Curtis Turner: Turner was one of the first true superstars of the sport. Known as much for his flamboyant lifestyle off of the track as his incredible driving ability on it, Turner was kicked out of NASCAR for years because he crossed Bill France. Turner doesn’t have the numbers that the other drivers listed in this group do, but without him on the track in the early years, NASCAR very well may not have survived. The majority of fans that attended the early races of NASCAR came to see Curtis Turner and Joe Weatherly race, and then party with them afterwards.
Joe Weatherly: Weatherly was Turner’s running mate off the track, and his primary foe on the track. The battles between Turner and Weatherly were the stuff of legend in the early years of NASCAR. Were it not for Turner and Weatherly, Bill France’s dream may have never come true.
Bobby Allison: Allison only won one championship, but he is third on the all time list in wins. I know the record book says he is tied with Darrell Waltrip, but he won another race that was sanctioned by NASCAR that they refuse to recognize because he was asked to race to fill the field and his car was not of the exact configuration that NASCAR wanted. Bobby had 85 wins, 336 top fives and 446 top tens in his great career.
Darrell Waltrip: DW is fourth all time in wins with 84. He had 276 top fives and 390 top tens, while also capturing three championships before becoming a TV commentator for FOX in 2001.
Fireball Roberts: Although he doesn’t have the number of wins (33) that some of the others do, Roberts was a great personality, and also integral in pushing the safety aspect of NASCAR forward. His untimely death from injuries suffered in a fiery crash at Charlotte led to requirements for drivers to wear flame retardant clothing.
Herb Thomas: Herb won two championships as a driver, and another as a car owner. He scored 48 wins in the early days of the sport and was the first two-time champion.
Before you write to tell me that Jeff Gordon should be on the list, I excluded him because he is still an active driver. I think a driver should have to be out of the sport for at least five years before they are considered for the Hall, protocol used by several other sports leagues when they select their Hall of Fame members. That is why Derrike Cope isn’t on the list, either…
Here’s what my list of contributors would be:
Bill France, Sr.: He is the man. The initial founder of NASCAR in 1948, if it wasn’t for Big Bill, none of this stuff that we watch and follow passionately would even exist.
Bill France, Jr.: Little Bill is the man who took the sport to the next level, running the show during the period of explosive growth from the 1970s through the 1990s. He oversaw the operation that moved NASCAR out of the Southeast and into every corner of the country (except for the Northwest). He took his daddy’s lead, and ran with it quite well.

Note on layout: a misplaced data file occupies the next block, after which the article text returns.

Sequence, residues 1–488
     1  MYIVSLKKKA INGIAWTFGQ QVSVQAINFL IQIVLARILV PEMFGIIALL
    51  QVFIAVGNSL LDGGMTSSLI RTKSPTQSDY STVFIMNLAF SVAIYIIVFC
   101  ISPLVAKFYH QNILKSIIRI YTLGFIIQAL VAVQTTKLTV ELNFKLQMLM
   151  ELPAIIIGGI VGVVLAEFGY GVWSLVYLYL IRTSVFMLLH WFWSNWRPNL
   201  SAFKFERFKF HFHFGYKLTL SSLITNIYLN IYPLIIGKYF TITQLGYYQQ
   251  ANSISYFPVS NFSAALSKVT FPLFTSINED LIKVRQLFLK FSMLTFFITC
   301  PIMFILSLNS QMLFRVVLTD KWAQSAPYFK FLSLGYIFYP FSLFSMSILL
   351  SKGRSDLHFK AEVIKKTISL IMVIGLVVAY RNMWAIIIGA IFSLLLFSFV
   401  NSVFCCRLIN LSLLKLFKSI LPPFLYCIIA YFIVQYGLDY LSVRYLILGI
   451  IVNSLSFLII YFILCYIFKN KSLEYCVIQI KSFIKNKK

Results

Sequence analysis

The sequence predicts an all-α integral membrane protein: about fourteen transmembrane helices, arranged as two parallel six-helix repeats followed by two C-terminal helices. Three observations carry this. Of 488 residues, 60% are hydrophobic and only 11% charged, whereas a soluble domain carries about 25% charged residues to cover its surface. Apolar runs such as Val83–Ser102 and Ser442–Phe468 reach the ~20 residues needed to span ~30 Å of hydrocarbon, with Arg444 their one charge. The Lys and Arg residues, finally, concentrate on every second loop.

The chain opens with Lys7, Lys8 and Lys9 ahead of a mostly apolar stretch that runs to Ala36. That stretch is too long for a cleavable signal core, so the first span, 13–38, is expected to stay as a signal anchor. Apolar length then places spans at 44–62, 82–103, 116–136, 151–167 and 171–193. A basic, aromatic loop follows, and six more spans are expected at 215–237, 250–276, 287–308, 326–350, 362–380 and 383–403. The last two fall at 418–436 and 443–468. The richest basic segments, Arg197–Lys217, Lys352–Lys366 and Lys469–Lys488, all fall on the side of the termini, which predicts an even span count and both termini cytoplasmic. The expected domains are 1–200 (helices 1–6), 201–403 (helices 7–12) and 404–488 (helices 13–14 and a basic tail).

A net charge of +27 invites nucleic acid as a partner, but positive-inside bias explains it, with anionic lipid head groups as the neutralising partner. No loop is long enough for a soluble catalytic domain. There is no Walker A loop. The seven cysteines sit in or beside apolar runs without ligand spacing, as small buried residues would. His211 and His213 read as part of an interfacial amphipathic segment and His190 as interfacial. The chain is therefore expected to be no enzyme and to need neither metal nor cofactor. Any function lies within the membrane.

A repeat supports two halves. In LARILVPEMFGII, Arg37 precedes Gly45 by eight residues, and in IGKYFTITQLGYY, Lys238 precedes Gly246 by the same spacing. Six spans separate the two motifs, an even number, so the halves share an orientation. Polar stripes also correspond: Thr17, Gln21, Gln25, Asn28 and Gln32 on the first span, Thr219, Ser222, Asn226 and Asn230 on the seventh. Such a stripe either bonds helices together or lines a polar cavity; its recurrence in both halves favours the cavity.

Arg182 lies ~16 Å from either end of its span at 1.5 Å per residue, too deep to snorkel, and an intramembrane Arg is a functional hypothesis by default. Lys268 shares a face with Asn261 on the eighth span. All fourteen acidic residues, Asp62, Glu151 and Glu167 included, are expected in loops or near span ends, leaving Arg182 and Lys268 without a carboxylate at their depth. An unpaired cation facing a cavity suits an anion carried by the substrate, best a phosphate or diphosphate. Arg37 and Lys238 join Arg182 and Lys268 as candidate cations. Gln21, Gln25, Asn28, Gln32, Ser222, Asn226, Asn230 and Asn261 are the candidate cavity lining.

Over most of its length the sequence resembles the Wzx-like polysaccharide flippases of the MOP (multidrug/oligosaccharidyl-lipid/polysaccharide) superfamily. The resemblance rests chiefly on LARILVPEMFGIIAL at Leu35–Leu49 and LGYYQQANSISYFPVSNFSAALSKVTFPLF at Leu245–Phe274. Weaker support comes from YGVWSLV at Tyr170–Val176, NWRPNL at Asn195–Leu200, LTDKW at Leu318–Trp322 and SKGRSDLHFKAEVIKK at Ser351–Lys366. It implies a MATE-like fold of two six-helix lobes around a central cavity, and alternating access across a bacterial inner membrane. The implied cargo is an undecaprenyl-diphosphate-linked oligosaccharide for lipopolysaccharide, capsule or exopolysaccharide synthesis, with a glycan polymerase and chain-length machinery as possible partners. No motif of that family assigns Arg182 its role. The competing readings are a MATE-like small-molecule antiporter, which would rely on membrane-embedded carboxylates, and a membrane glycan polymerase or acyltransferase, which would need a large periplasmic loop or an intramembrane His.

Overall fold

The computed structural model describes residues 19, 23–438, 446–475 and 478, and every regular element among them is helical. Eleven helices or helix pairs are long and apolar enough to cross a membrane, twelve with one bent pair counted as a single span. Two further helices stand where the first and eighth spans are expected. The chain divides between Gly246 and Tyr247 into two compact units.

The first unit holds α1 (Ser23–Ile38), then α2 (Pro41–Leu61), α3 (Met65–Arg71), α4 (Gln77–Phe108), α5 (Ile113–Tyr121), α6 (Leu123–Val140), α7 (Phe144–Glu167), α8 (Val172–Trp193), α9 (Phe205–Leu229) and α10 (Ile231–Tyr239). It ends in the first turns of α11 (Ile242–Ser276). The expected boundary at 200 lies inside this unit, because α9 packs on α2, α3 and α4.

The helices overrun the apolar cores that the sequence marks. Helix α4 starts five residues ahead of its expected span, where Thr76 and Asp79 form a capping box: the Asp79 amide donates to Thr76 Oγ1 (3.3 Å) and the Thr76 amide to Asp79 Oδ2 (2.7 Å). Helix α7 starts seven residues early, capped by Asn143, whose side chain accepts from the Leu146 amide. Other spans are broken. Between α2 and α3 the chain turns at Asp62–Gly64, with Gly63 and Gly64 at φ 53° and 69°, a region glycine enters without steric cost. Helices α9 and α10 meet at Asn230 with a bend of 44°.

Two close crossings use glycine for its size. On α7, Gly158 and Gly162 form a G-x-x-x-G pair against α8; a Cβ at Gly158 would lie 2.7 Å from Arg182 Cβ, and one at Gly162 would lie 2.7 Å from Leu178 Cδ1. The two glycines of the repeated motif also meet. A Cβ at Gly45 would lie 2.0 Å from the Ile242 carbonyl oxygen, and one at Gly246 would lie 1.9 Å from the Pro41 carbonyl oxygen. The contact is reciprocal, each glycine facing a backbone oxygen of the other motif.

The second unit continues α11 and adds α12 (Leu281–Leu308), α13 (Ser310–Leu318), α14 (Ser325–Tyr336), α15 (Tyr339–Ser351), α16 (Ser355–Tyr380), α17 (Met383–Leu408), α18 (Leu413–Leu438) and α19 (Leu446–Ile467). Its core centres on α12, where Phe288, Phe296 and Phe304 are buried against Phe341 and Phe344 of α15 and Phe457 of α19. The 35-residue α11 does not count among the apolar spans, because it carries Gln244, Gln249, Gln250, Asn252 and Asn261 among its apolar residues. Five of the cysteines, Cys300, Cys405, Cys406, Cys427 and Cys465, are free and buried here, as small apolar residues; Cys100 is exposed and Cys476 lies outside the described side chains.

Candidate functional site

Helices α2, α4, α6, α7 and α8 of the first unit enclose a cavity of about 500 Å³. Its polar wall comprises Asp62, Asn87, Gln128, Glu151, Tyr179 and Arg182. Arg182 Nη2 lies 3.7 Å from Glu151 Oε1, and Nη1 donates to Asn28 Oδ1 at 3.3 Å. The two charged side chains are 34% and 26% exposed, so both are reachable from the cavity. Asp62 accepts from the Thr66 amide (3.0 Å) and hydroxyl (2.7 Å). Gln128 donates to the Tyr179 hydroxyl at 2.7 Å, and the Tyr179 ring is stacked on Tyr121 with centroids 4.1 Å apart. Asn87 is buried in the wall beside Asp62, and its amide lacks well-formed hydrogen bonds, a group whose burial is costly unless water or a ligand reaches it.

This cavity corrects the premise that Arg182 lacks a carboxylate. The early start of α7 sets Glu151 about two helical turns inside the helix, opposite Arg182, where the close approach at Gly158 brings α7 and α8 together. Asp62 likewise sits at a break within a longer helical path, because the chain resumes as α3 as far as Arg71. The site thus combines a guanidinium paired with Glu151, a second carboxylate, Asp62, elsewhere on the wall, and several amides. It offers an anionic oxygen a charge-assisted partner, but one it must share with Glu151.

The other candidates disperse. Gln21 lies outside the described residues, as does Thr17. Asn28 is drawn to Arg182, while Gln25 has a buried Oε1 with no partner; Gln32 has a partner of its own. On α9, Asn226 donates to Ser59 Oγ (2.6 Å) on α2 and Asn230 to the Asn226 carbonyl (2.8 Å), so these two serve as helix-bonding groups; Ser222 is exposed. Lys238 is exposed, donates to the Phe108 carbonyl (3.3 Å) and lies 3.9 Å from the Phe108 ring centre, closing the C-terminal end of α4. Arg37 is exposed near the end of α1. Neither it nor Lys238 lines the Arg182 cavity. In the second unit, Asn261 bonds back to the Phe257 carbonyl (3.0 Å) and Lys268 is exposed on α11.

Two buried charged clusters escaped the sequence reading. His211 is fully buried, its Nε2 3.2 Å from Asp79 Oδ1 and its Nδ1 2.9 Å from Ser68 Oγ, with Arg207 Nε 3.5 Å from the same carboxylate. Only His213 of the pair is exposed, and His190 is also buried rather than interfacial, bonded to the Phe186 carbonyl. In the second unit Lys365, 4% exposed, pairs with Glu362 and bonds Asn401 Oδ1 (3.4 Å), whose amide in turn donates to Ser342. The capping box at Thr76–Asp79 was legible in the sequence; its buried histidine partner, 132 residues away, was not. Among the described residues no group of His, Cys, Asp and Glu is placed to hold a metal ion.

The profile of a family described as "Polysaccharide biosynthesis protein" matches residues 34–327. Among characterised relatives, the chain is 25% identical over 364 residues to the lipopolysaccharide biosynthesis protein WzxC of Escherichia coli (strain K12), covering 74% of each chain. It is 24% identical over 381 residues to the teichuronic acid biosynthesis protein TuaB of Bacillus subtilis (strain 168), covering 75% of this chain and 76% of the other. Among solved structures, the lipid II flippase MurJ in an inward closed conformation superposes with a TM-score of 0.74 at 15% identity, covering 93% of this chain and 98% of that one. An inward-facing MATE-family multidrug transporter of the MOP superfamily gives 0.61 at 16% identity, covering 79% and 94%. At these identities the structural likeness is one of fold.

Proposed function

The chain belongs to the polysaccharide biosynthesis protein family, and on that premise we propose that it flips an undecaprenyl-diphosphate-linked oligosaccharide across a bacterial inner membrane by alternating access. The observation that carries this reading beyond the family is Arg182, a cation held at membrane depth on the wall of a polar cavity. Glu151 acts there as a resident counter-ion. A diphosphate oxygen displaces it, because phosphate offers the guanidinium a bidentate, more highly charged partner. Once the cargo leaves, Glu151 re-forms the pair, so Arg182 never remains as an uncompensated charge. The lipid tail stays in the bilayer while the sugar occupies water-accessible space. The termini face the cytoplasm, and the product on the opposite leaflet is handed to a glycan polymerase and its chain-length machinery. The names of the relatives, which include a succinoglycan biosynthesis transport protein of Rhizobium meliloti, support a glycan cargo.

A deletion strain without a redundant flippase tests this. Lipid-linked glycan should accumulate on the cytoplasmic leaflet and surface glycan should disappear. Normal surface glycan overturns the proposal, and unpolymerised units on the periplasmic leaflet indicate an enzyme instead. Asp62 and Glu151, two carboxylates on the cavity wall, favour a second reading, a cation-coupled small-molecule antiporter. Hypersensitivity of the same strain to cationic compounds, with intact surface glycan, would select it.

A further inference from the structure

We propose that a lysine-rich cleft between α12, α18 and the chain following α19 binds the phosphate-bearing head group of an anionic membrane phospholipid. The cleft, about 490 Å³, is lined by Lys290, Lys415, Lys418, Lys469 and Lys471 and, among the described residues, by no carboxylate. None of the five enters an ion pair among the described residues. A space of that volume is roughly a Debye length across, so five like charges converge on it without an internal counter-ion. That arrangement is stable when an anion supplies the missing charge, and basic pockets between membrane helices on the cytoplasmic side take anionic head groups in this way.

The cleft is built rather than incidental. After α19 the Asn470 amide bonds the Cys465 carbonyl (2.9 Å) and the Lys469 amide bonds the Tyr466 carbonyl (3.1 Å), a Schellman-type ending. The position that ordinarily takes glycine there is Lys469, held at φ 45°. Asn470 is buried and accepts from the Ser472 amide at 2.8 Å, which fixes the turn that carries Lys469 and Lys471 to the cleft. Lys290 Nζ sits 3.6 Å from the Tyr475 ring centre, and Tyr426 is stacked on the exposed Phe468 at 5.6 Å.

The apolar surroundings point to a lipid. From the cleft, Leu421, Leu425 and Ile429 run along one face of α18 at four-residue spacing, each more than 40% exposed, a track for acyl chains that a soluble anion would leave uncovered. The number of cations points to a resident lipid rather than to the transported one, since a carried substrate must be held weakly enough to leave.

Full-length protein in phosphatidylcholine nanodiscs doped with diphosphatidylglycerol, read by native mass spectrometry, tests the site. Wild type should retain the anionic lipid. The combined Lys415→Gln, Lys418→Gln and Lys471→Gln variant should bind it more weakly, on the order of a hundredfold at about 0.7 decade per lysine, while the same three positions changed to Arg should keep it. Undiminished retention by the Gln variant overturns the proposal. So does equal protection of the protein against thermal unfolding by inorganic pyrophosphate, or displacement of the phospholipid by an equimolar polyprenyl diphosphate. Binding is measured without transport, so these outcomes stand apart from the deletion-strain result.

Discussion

Lee Petty: A three-time driving champion, Lee could certainly be considered there, but I chose to put him in the contributor category because he oversaw the operations that ultimately led not only to his three championships, but the seven championships that his son Richard garnered over his storied career.
Junior Johnson: Junior won the second Daytona 500 as a driver, and his victory total is tied for tenth all time. However, his accomplishments as a car owner were what really set him apart. His teams won 139 races, third on the all time list, and his teams won six championships. The most important accomplishment for Johnson was probably his efforts in bringing R.J. Reynolds to NASCAR. His selfless act of pushing the tobacco giant to NASCAR instead of keeping them to himself was largely responsible for the development of what we call the modern era of the sport.
Rick Hendrick: Hendrick became the prototypical owner for the modern NASCAR team. He was one of the first to rely heavily on engineering. His teams have won five championships and 141 races, second all time.
Carl Kiekhaefer: Carl was the first real powerhouse owner. His cars were legendary. He only ran cars for two years in the series, but his teams won both championships. Out of 97 races during the 1955 and 1956 seasons, Kiekhaefer’s cars won 52. A truly dominating performance by a car owner the sport had never seen before or since.
Smokey Yunick: The operator of the "Best Damn Garage in Town" was considered by most to be the greatest mechanic that ever lived. Smokey’s notoriety for pushing the gray area of the rules made Chad Knaus look like an altar boy. In one story, after a race at Daytona, Yunick’s car’s fuel cell was deemed illegal and confiscated. Smokey got into the car, started it, and drove it the four miles to his shop in town. The fuel line was so long and so large there was enough fuel in the line to allow him to get home.
Ralph Moody/John Holman: Holman and Moody were another early team that was dominant in the sport. The best of the best would line up in droves to drive Holman-Moody cars. Those drivers accounted for 96 wins, 285 top fives and 336 top tens.
Harold Brasington: Brasington is the man who built Darlington Raceway. Darlington was the first superspeedway, and probably the first true racing facility to host NASCAR races. Were it not for Brasington, who knows how long the sport would have stayed relegated to the dirt tracks of the local fairgrounds around the Southeast.
So there you have it. These are the people I feel should be in the inaugural class of the NASCAR Hall of Fame. As with any list, I am sure there are names that people will disagree with…but that is the fun of talking about a Hall of Fame. It brings the history of the sport back into the forefront of people’s consciousness. With four years to discuss and debate, I am sure there will be many other opinions voiced before the final decision is made. Let’s just hope that NASCAR comes to their senses and puts a process in place that will do the best possible job of compiling an honorable list, and not a self-centered advertisement campaign.